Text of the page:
The focus that Tinder places on appearances has meant that the app has gained a reputation for being a “hook-up” app.While there are definitely stories about people meeting their significant others on Tinder, those stories tend to be the exception rather than the rule!
These features provide you with a lot of different options when choosing how to interact with others online, but the several different kinds of notifications can also become confusing! In addition to this, Ok Cupid has a much more streamlined design than Plenty of Fish, while still offering more options for connecting with potential matches than Tinder does.
The “Quickmatch” function is a swipe-based matching system, but other matches (determined based on your answers to quick yes/no questions) are ranked by their compatibility to you.
Its simplicity has been part of what makes it so attractive to its users – using geolocation, the app shows users profiles of their preferred gender and age-range within a set geographical area.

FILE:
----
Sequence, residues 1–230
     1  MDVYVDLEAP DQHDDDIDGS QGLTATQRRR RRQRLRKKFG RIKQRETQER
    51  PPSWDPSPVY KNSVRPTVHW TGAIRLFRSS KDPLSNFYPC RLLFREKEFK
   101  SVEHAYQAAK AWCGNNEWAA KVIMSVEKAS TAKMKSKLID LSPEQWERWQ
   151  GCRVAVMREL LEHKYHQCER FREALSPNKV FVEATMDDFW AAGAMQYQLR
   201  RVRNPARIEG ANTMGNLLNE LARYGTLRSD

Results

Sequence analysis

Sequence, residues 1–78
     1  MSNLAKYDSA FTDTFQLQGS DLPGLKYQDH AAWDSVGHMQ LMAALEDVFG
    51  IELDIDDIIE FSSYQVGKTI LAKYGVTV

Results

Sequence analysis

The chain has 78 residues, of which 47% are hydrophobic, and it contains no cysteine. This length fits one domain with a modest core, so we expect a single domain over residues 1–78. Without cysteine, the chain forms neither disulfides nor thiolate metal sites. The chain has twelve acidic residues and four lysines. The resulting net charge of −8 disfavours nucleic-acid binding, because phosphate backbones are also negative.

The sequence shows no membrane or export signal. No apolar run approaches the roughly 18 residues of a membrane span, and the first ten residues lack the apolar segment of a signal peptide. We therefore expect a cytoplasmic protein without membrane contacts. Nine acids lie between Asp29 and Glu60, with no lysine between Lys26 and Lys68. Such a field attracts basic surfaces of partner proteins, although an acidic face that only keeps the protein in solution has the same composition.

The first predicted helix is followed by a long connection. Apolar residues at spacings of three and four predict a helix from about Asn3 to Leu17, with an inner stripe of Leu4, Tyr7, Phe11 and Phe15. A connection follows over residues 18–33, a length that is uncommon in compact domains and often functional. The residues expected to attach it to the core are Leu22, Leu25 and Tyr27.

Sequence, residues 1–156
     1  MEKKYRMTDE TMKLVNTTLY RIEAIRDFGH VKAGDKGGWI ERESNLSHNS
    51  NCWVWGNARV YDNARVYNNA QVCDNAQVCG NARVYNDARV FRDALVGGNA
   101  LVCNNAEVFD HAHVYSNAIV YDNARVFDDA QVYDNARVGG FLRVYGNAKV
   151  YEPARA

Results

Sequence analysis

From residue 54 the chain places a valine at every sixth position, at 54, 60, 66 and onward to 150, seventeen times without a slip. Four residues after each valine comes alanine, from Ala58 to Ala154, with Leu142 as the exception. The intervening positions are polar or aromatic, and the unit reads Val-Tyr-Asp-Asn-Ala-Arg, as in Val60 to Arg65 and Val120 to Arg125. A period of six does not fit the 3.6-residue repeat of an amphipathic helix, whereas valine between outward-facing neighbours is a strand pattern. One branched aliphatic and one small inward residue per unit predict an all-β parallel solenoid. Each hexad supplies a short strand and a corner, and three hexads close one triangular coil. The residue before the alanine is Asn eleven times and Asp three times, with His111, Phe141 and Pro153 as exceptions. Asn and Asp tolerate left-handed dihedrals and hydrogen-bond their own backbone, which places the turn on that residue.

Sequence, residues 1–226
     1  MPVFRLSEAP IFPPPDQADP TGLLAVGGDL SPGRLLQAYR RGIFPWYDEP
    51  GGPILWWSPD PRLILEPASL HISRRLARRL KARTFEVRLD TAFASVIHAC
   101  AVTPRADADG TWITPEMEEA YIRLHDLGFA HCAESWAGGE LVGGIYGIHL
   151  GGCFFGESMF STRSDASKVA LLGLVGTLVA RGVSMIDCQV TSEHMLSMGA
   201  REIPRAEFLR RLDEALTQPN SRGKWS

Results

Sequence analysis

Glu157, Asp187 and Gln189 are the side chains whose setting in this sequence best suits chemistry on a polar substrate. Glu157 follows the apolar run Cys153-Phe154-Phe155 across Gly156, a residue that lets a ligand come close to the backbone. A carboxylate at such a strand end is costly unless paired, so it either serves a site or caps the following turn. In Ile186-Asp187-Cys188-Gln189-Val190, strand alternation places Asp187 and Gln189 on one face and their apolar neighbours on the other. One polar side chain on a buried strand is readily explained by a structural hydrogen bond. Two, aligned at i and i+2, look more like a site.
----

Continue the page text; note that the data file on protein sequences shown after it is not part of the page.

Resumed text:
Profiles consist only of a first name, an age, a 500-character description, and up to six photos.
As well, you can access people’s profiles without matching with them, and leave a “like” on the profiles that spark your interest.
I did find that the interface for this app was more confusing than most of the others on this list – sometimes I would end up on a page without being entirely sure how I got there.
In fact, even the classic apps often had an option to do this kind of matching with others!
These copycat apps follow Tinder’s design almost exactly, but with a twist or two to make them unique.
Bumble (i OS only): Bumble was actually created by an employee of Tinder after she left the company, and was created with an intent to discourage gender issues in online dating.
Bumble includes almost all of the same features as Tinder, but has two key differences – women are the only ones who can message a match first, and if they don’t message within twenty-four hours of matching the match disappears.
These apps put their own spin on the idea of mobile dating, as both focus on the importance of an eventual in-person connection rather than online messaging.